Mike Spenis said "the future of our freedom ultimately rests with the court's willingness to periodically reexamine the law," but the evidence is plain that the courts will not do that. They will use obviously flawed precedent so long as it "comports especially well with our notions of good social policy." And even if it doesn't, the courts will often bow, as Kozinski does here, to precedent they abhor. We depend upon the honor and intellectual honesty of the judges who make up the Justice system, yet it seems that those who are truly honest and honorable are outnumbered by those who are "willing to bury language that is incontrovertibly there." The honest and honorable ones abide, under the rule of law, by precedent that is otherwise insupportable. The middling honest ones, the ones Justice Brandeis labled as "men of zeal, well-meaning but without understanding" "build magnificent legal edifices on elliptical constitutional phrases - or even the white spaces between lines of constitutional text." And those decisions stand, without review, periodic or otherwise, to serve as the next step down the road to Hell.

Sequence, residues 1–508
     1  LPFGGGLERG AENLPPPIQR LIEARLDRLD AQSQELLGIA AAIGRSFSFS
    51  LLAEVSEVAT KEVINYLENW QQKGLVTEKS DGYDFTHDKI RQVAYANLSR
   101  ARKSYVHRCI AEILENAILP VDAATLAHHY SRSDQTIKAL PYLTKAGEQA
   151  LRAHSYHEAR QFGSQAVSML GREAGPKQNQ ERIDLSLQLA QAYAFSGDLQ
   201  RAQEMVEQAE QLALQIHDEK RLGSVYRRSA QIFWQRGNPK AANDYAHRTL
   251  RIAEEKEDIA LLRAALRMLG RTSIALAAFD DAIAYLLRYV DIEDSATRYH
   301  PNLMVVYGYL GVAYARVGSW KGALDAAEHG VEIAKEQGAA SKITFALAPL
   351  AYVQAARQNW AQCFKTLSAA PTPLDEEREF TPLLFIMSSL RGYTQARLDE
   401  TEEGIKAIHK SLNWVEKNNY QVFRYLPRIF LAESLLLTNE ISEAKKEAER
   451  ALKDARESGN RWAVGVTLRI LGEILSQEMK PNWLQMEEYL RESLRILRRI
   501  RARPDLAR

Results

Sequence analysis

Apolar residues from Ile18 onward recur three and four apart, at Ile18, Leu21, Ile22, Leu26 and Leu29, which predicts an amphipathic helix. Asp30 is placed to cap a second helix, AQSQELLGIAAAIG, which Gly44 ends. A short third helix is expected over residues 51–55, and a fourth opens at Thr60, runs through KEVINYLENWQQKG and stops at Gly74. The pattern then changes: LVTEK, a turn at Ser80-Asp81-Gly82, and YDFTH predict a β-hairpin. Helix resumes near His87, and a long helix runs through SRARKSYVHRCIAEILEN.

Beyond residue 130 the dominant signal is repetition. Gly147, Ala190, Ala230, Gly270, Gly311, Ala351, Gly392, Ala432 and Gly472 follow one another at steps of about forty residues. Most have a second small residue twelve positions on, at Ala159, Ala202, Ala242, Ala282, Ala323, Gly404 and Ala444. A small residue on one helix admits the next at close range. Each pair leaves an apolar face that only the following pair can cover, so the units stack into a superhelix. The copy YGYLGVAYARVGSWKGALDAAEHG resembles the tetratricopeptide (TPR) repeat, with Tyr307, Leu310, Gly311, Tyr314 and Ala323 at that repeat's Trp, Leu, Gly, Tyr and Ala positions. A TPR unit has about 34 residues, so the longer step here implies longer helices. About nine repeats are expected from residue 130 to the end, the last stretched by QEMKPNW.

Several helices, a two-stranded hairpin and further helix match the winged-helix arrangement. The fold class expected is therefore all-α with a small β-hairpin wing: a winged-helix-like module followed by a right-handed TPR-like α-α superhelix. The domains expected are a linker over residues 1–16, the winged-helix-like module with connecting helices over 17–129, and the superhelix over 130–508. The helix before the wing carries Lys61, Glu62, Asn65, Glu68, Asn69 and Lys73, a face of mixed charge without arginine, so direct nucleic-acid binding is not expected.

Tonight during a short discussion I had with Alan Gura he said something that boiled that paragraph down to a couple of sentences (from memory, so I may be paraphrasing):
Stare decisis is like gun control. It only affects those who respect the law.

Excellent Observation

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Tuesday, September 22, 2015

On Vacation

Not feeling the urge to post.

Free ice cream to resume at some future date.

Friday, September 11, 2015


So here we are, fourteen years after the attack, and there are finally (still mostly empty) structures where there used to be only the "National Embarrassing Vacant Lot and Monument to Red Tape & Inefficiency."  Four years ago our embassy in Benghazi, Libya was attacked and four Americans lost their lives there under the watch of President Obama and Secretary of State (and Presidential hopeful) Hillary Clinton, who proceeded to lie to us about it.

I'm kinda concerned about what might happen on this day, both here in the States and across the globe.  The "JV team" of ISIS seems to have grown into the big leagues.  Pretty much the entire Middle East is in uproar if not chaos.  Hundreds of thousands of "refugees" - the majority, military-age males - are streaming away from the conflicts - plural - and into Europe.  That'll not end well.